AmeyaSathe
Mission Specialist
Mission Specialist
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Set accounts to expire in 90 days from the current day

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RH199R - ch03s11. Guided exercise.

Instruction is " Set the consultant1consultant2, and consultant3 accounts to expire in 90 days from the current day. "

 

Guided exercise expects me to use 'chage -E'.  I used 'usermod -E' to ahieve the same.

What is the difference between these 2 commands?  What are the applicable scenarios for each of them?

 

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Tracy_Baker
Starfighter Starfighter
Starfighter
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Other than the fact that your usermod command won't work? There is no -E option that can be used with usermod. The option to use is -e (not trying to be funny - just making the point that 99% of Linux is case sensitive).

Anyway, when you use the proper command and option, there is no difference:

1: Creating the bob account - checking the expiration date:
1.JPG

2: using chage -E and checking:
2.JPG

3: using usermod -e and checking:
3.JPG

Incidentally, these commands do the same thing as each other, too:

lock an account:
usermod -L <username> and passwd -l <username>

unlock an account:
usermod -U <username> and passwd -u <username>

(They kind-of do the same thing, but slightly differently - a distinction without a difference. usermod -L puts a single ! in front of the password hash in /etc/shadow [field #2] and passwd -l puts !! -- either way, the account is locked.)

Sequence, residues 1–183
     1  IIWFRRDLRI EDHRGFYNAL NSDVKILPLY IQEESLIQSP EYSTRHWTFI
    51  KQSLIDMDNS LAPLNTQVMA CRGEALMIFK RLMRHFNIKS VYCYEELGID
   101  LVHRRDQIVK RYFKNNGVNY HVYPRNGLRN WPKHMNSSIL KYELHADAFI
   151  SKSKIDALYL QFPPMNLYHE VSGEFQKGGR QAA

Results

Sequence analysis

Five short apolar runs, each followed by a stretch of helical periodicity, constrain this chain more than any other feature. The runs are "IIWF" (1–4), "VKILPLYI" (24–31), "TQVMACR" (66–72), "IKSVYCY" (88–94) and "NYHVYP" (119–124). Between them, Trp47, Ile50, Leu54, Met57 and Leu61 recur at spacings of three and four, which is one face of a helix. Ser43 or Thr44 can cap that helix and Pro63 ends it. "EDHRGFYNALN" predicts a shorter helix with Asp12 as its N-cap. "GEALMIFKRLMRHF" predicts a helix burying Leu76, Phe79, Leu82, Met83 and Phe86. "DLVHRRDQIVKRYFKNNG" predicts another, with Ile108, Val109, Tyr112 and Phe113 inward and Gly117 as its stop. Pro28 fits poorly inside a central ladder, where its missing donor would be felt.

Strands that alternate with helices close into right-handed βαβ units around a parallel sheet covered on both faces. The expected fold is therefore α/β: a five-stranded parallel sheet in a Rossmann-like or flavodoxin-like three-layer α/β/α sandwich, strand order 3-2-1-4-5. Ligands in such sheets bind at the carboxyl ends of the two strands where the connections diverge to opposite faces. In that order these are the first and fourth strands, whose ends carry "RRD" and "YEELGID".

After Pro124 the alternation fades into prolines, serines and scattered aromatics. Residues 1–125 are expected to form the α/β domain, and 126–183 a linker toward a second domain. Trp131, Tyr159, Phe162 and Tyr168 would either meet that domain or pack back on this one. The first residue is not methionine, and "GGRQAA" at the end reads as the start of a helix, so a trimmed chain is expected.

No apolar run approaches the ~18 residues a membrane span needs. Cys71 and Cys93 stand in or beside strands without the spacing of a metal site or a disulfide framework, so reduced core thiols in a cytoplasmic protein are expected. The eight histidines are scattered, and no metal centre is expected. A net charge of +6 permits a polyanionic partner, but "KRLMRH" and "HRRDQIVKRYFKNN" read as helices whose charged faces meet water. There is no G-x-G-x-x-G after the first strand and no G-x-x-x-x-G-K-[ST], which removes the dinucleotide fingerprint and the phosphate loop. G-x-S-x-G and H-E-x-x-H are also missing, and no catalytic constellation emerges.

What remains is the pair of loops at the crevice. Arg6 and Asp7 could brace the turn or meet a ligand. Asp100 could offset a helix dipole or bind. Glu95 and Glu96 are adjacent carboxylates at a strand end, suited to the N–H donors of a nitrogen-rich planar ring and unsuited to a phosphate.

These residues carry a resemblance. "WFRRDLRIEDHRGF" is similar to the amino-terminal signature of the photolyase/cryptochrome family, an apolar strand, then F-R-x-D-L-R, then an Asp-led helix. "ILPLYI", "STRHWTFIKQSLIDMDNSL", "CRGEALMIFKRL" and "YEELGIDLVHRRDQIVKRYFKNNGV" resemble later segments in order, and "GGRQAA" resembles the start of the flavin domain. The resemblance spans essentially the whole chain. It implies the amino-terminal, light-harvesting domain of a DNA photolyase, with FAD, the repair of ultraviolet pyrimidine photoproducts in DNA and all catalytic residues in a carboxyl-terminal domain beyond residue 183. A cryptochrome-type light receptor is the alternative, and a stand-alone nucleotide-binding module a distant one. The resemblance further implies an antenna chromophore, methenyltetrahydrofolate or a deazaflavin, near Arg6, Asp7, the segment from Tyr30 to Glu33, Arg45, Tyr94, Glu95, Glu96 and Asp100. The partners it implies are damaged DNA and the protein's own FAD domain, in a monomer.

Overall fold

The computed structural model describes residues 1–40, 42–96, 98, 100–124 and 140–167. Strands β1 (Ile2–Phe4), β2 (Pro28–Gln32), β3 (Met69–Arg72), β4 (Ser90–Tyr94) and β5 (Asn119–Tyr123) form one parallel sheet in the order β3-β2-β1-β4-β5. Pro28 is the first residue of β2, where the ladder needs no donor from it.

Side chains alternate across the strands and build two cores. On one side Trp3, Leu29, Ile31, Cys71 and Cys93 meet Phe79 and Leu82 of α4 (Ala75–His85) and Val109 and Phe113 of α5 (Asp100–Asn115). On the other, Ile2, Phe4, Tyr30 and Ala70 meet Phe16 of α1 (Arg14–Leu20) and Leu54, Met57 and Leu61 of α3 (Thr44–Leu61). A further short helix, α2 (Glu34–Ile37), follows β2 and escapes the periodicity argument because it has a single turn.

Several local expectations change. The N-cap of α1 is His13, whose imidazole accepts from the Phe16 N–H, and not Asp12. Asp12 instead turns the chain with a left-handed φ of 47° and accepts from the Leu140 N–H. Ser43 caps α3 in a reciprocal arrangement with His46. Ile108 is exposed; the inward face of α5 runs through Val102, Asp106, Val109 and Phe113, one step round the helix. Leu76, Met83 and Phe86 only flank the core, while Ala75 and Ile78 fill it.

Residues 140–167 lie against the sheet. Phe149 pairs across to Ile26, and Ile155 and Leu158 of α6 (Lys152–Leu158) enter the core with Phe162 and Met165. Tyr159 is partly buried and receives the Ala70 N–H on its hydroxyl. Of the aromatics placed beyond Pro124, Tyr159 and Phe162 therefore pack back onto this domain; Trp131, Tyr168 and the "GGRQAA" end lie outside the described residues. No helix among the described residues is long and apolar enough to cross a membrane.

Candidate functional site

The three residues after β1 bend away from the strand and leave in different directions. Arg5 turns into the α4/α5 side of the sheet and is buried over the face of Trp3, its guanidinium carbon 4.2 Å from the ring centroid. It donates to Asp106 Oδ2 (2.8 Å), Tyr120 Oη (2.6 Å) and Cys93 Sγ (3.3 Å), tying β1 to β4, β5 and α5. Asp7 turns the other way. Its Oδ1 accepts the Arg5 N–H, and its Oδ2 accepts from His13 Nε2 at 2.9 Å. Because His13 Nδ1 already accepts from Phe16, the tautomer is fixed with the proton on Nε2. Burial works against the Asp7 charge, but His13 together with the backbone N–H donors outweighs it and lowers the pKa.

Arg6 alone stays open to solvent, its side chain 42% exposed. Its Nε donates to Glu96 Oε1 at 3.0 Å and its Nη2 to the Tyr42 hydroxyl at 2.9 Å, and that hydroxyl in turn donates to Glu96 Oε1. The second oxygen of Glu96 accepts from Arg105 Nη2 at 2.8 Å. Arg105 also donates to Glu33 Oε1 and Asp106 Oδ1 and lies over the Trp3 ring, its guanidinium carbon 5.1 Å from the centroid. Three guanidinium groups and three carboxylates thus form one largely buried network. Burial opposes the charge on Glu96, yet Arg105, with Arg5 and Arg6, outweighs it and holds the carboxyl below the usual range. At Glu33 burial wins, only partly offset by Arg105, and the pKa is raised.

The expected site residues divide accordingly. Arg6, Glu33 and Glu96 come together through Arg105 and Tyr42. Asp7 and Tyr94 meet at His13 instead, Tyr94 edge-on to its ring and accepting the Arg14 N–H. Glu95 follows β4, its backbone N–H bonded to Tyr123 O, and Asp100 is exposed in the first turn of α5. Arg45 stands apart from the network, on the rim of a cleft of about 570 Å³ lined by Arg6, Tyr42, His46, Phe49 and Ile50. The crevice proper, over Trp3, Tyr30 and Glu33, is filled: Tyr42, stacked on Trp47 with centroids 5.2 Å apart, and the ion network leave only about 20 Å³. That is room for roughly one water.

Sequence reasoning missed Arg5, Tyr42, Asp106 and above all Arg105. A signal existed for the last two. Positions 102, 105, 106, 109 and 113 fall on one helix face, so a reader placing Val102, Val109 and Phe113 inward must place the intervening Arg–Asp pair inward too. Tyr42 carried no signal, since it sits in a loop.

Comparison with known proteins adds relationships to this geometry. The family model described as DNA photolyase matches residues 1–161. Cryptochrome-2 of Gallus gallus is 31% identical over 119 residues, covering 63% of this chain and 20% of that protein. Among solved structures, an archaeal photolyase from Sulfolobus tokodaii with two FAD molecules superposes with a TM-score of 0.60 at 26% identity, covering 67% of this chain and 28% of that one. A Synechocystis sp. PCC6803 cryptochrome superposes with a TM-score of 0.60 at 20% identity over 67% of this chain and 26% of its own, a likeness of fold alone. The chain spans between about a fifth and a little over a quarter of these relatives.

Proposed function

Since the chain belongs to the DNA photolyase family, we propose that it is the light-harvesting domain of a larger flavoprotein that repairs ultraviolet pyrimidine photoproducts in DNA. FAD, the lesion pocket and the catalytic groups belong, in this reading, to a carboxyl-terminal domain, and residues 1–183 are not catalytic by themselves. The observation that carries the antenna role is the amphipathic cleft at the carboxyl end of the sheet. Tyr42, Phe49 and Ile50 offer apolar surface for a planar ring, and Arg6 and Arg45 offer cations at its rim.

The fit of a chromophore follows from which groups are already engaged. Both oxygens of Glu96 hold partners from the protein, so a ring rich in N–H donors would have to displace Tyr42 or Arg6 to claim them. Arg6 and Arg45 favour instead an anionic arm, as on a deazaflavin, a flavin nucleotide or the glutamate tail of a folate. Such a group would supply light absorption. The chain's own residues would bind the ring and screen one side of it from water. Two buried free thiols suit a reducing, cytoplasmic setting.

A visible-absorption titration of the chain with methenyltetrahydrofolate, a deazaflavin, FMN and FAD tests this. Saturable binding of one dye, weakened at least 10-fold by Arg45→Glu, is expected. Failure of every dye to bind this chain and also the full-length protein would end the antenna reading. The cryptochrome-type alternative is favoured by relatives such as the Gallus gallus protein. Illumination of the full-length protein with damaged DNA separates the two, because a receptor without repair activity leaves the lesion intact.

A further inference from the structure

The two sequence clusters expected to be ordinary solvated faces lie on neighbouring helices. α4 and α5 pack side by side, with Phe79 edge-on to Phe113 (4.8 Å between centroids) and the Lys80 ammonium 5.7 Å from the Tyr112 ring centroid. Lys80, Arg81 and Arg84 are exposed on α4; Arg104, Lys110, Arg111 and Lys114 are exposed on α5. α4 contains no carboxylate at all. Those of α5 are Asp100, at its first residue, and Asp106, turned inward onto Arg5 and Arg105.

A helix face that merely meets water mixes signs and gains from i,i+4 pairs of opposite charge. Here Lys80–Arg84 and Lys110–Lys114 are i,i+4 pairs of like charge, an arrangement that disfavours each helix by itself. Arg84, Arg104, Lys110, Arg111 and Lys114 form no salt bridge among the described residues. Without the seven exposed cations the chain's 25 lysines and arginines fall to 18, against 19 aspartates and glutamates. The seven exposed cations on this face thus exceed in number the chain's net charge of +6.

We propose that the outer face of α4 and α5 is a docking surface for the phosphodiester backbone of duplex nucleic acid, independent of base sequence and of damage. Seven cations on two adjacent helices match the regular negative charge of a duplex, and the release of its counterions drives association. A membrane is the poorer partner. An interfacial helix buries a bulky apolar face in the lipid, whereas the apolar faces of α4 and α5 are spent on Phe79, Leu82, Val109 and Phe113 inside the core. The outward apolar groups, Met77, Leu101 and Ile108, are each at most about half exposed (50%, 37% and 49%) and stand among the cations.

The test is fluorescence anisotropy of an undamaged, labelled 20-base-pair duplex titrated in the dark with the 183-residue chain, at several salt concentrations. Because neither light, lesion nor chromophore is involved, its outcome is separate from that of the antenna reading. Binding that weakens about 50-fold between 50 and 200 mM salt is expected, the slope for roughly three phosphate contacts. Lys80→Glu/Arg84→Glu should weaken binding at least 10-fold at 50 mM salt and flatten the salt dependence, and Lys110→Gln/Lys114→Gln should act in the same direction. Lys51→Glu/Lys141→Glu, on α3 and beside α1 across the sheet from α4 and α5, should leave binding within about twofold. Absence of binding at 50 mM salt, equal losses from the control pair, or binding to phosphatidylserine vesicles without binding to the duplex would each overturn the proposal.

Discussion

Program Lead at Arizona's first Red Hat Academy, est. 2005
Estrella Mountain Community College

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2 Replies
Tracy_Baker
Starfighter Starfighter
Starfighter
  • 375 Views

Other than the fact that your usermod command won't work? There is no -E option that can be used with usermod. The option to use is -e (not trying to be funny - just making the point that 99% of Linux is case sensitive).

Anyway, when you use the proper command and option, there is no difference:

1: Creating the bob account - checking the expiration date:
1.JPG

2: using chage -E and checking:
2.JPG

3: using usermod -e and checking:
3.JPG

Incidentally, these commands do the same thing as each other, too:

lock an account:
usermod -L <username> and passwd -l <username>

unlock an account:
usermod -U <username> and passwd -u <username>

(They kind-of do the same thing, but slightly differently - a distinction without a difference. usermod -L puts a single ! in front of the password hash in /etc/shadow [field #2] and passwd -l puts !! -- either way, the account is locked.)

Program Lead at Arizona's first Red Hat Academy, est. 2005
Estrella Mountain Community College
AmeyaSathe
Mission Specialist
Mission Specialist
  • 155 Views

Thank you.

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